Loch Eriboll

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Loch Eriboll
Loch Eriboll.jpg
Loch Eriboll is located in Scotland
Loch Eriboll
Loch Eriboll
Loch Eriboll shown within Scotland
OS grid reference NC445605
Coordinates 58°30′18″N 4°40′12″W / 58.505°N 4.670°W / 58.505; -4.670Coordinates: 58°30′18″N 4°40′12″W / 58.505°N 4.670°W / 58.505; -4.670
List of places
Loch Eriboll Lighthouse
Whiten Head
Loch Eriboll Lighthouse - geograph.org.uk - 909399.jpg
Loch Eriboll Lighthouse on the East side of Loch Eriboll.
Loch Eriboll is located in Scotland
Loch Eriboll
Location Loch Eriboll
United Kingdom
Coordinates 58°31′00″N 4°38′54″W / 58.516804°N 4.648422°W / 58.516804; -4.648422
Year first constructed 1894 (first)
Year first lit 2003 (current)
Automated 2003
Construction skeletal tower
Tower shape square parallelepiped clad tower with white panels as daymark and light
Markings / pattern white tower
Height 5 metres (16 ft)
Focal height 19 metres (62 ft)
Characteristic Fl WR 10s.
Admiralty number A3874
NGA number 3580
ARLHS number SCO-126
Managing agent Northern Lighthouse Board[1]

Loch Eriboll (Scottish Gaelic: "Loch Euraboil") is a 16 km (9.9 mi) long sea loch on the north coast of Scotland, which has been used for centuries as a deep water anchorage as it is safe from the often stormy seas of Cape Wrath and the Pentland Firth. It is named after the village of Eriboll on its eastern shore.

Bronze Age remains can be found in the area, including a souterrain and a very well preserved wheelhouse on the hillside above the west shore. A small scale lime industry developed here in the 19th century.

Farmhouse at Loch Eriboll

Around the shores of the loch are the crofting townships of Eriboll, Laid, Heilam, Portnancon and Rispond.

Eilean Hoan is located at the northern, seaward end of the loch and there are various small islets in the vicinity including A' Ghoil-sgeir, An Cruachan, An Dubh-sgeir, Eilean Clùimhrig, and Pocan Smoo.[2] Today it is a largely unspoilt wilderness, in a region of high rainfall and with the lowest population density in the UK.

Naval use[edit]

The Royal Navy have been frequent visitors to the loch, particularly during World War II. There are stones arranged by sailors into the names of their warships, including HMS Hood and Amethyst, on the hillside above the hamlet of Laid. It was nicknamed "Lock ’orrible" by the British servicemen stationed here during the war because of the often inclement weather. The largest island in the loch, Eilean Choraidh, was used as a representation of the German battleship Tirpitz for aerial bombing practice by the Fleet Air Arm prior to the successful Operation Tungsten in April 1944.[3] The surviving 33 German U-boats, for example U-532 and U-295, formally surrendered here in 1945, ending the Battle of the Atlantic.[4]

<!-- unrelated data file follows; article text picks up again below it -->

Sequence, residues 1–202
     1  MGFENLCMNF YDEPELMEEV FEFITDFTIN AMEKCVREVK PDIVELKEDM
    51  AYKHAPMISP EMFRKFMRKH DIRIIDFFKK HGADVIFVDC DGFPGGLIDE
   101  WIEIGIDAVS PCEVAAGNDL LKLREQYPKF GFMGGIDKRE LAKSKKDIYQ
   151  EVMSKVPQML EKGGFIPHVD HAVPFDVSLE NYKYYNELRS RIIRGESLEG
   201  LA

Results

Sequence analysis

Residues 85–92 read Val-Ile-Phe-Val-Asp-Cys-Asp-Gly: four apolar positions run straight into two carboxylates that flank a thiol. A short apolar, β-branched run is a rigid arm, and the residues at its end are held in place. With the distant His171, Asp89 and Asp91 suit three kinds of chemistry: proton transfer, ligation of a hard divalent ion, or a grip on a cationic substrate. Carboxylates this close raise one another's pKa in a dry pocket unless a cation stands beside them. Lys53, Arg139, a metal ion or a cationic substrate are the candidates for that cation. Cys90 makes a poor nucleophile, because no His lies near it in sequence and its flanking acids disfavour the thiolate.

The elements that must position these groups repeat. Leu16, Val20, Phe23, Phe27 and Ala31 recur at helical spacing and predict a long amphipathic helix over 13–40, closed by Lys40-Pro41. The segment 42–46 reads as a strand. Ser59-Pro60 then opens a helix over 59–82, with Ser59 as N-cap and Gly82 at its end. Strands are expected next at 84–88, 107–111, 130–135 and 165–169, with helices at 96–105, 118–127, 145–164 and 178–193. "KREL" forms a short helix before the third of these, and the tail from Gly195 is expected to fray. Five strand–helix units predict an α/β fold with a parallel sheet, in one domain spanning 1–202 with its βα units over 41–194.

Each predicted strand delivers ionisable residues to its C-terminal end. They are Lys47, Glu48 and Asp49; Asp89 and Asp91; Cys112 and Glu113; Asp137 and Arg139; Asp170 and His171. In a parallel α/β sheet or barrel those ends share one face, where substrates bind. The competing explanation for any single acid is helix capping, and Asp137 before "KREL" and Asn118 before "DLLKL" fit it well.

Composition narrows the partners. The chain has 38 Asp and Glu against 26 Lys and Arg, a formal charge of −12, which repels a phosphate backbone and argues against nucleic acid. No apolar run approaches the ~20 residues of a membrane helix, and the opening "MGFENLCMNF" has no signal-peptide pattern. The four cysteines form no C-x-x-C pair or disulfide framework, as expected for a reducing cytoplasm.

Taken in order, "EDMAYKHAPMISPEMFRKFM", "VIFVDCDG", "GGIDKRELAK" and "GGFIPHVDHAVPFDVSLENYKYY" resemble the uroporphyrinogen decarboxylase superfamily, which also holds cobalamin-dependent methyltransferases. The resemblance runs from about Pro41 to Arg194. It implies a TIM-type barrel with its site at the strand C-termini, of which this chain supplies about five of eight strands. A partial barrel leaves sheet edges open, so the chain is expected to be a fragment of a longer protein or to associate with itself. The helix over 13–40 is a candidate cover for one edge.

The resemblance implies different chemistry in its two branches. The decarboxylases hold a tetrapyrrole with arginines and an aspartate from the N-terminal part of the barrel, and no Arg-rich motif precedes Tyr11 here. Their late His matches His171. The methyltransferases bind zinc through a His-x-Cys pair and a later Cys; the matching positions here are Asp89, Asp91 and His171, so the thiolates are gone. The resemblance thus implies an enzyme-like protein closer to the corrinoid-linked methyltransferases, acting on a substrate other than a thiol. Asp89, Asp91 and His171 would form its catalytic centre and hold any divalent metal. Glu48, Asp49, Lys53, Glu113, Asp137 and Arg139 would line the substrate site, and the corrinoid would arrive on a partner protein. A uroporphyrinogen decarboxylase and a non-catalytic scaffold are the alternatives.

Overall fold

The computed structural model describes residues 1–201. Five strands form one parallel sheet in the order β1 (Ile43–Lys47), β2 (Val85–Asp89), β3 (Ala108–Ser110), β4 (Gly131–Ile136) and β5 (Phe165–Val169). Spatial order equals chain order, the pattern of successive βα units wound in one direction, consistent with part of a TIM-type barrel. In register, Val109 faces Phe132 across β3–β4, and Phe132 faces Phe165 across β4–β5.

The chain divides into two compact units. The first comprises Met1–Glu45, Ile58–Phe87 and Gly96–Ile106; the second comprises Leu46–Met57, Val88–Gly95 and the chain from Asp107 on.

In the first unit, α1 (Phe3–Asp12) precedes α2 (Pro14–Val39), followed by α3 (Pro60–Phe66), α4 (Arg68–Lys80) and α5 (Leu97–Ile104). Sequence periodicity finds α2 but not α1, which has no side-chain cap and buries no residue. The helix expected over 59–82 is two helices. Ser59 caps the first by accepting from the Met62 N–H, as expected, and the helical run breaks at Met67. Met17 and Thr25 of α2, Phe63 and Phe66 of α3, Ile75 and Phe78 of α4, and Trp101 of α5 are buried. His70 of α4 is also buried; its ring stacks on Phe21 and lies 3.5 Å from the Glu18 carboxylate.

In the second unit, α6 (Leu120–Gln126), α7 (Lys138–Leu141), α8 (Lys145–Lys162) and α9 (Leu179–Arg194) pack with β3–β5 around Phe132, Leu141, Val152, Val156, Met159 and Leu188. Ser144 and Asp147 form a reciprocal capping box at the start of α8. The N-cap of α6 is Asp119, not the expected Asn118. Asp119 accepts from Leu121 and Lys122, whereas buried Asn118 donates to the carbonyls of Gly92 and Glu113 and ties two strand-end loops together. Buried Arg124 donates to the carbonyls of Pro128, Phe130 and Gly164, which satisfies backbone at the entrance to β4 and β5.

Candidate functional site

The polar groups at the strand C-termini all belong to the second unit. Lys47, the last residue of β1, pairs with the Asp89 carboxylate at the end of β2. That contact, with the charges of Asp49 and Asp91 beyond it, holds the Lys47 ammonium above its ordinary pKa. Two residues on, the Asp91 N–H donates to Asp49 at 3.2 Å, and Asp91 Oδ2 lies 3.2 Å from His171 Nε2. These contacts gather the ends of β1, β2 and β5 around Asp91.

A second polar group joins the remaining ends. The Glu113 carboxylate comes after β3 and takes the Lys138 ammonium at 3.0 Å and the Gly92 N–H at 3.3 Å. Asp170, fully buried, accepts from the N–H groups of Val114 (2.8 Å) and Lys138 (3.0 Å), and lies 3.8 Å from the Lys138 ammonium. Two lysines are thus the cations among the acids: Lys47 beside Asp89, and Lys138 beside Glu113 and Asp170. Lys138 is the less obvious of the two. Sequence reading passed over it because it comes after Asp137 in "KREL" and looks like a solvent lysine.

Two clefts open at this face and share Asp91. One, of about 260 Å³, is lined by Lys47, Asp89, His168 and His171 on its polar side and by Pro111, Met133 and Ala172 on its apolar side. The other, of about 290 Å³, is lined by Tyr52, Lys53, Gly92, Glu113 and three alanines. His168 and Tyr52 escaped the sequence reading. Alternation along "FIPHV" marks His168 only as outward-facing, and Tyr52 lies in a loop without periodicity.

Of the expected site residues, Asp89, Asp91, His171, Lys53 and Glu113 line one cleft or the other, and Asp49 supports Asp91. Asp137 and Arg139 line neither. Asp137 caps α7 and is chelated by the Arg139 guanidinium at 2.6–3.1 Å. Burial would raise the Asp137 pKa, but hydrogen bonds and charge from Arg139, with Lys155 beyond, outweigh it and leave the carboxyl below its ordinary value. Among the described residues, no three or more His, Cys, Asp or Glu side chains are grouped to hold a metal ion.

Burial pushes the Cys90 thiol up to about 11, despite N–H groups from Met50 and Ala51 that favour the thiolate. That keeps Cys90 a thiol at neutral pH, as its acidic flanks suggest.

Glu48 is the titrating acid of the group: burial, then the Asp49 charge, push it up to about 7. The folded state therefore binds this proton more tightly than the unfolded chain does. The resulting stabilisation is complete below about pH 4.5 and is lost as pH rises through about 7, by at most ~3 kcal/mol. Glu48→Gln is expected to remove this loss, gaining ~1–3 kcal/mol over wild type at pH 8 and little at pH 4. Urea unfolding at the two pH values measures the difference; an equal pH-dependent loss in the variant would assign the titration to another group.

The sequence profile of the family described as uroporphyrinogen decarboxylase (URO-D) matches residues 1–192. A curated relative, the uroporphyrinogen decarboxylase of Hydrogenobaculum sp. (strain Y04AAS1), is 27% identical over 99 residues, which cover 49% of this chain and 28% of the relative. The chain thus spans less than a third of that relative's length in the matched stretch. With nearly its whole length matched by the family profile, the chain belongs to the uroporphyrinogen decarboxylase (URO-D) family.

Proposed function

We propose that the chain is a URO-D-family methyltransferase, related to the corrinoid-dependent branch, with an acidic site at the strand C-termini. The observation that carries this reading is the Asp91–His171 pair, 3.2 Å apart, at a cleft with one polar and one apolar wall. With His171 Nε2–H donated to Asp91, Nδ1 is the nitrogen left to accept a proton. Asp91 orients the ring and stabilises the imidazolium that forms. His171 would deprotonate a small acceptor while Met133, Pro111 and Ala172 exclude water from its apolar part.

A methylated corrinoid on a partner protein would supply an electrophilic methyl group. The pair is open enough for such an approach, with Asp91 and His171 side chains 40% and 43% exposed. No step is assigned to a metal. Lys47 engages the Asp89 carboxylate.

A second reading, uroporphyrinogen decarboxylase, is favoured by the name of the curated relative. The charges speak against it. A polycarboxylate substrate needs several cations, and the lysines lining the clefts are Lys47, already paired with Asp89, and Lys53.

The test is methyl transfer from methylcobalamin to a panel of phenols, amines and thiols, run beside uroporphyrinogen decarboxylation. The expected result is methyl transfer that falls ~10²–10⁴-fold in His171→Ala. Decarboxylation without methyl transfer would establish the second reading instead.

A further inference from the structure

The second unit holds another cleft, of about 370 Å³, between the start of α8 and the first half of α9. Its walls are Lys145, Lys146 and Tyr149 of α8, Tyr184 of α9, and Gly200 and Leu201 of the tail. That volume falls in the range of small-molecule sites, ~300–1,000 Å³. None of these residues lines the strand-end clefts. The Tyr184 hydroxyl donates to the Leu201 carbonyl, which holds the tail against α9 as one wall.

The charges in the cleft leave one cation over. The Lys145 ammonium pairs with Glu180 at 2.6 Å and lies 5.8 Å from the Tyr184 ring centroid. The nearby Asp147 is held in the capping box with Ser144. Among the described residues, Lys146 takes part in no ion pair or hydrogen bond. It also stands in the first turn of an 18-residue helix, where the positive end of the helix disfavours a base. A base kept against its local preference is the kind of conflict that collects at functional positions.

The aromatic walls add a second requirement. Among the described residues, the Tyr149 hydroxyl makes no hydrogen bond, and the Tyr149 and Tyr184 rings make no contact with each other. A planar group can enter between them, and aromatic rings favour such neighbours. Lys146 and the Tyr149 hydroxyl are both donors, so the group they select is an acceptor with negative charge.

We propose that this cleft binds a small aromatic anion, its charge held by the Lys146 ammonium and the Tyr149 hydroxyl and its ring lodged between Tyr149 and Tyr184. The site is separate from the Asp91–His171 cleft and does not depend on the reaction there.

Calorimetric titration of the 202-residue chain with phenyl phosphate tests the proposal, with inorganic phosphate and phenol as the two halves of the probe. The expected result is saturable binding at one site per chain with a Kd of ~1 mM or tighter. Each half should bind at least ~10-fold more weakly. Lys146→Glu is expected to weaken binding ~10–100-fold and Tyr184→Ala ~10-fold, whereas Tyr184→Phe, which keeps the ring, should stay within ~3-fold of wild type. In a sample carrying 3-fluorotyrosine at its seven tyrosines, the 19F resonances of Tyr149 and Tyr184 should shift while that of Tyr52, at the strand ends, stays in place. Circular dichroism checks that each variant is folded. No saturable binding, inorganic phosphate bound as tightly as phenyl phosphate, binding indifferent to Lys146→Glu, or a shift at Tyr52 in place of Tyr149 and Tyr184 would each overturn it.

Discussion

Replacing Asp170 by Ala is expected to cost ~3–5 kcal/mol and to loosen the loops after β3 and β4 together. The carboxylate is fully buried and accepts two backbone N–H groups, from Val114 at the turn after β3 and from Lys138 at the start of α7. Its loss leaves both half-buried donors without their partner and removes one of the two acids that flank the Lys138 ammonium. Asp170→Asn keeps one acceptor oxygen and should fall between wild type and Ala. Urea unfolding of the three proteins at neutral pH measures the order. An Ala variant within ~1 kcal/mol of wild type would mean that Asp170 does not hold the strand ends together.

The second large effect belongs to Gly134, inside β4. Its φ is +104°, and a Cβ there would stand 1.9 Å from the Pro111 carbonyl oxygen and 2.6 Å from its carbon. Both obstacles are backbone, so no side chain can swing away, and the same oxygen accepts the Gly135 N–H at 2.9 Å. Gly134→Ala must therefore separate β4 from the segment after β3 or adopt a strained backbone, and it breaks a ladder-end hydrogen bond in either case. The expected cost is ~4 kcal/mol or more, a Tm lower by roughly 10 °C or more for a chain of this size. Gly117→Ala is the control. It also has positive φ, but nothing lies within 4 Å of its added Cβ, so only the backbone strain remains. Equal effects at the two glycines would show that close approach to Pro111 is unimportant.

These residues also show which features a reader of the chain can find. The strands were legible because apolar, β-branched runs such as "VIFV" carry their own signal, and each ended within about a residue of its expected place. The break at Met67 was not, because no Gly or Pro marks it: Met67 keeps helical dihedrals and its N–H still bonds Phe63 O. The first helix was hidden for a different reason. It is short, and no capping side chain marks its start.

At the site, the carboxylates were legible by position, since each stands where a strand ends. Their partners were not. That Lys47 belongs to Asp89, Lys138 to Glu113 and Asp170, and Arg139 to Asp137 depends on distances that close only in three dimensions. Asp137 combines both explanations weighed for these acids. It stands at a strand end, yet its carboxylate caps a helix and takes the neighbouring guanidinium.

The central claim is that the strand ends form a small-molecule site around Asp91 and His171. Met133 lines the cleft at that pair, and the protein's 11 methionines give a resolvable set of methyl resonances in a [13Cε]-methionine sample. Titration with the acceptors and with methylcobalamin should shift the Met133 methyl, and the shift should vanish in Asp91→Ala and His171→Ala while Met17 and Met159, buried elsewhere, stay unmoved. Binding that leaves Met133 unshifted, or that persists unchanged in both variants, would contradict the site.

A leased area of the shore and loch is classified as a Minor training area by the Defence Training Estate,[5] generally being used for amphibious and specialist training for three fortnights per year.[6]

In 2011 the loch was used as part of Exercise Joint Warrior, the largest war games staged in the UK, involving the navy's new flagship, the assault ship HMS Bulwark.[7]

The studio of renowned ceramic artist Lotte Glob is situated on the west shore of the loch

See also[edit]


  1. ^ Loch Eriboll (Whiten Head) The Lighthouse Directory. University of North Carolina at Chapel Hill. Retrieved 17 May 2016
  2. ^ "Get-a-Map". Ordnance Survey. Retrieved 28 November 2009.
  3. ^ Haswell-Smith (2004) p. 203
  4. ^ Wade, Mike (10 May 2010). "How Hitler's Grey Wolves were brought to heel in a Scottish loch". London: The Times. Retrieved 10 May 2010. 
  5. ^ "Defence Training Estate Training Areas and Ranges (map)" (PDF). Defence Training Estate. Ministry of Defence. July 2009. Retrieved 15 November 2011. 
  6. ^ "Loch Eriboll Aquaculture Framework Plan" (PDF). The Planning and Development Service, The Highland Council. The Scottish Government. August 2000. Retrieved 15 November 2011. 
  7. ^ "Bulwark takes over as UK flagship". Defence News. Ministry of Defence. 18 October 2011. Retrieved 14 November 2011. 


Haswell-Smith, Hamish (2004). The Scottish Islands. Edinburgh: Canongate. ISBN 978-1-84195-454-7. 

External links[edit]